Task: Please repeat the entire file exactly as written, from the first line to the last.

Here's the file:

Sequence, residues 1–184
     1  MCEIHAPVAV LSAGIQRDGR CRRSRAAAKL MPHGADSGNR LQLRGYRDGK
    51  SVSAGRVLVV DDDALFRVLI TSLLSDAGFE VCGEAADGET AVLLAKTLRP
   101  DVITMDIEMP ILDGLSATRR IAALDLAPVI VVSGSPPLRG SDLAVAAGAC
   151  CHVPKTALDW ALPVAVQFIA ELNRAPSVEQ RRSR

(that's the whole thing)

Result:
Sequence, residues 1–184
     1  MCEIHAPVAV LSAGIQRDGR CRRSRAAAKL MPHGADSGNR LQLRGYRDGK
    51  SVSAGRVLVV DDDALFRVLI TSLLSDAGFE VCGEAADGET AVLLAKTLRP
   101  DVITMDIEMP ILDGLSATRR IAALDLAPVI VVSGSPPLRG SDLAVAAGAC
   151  CHVPKTALDW ALPVAVQFIA ELNRAPSVEQ RRSR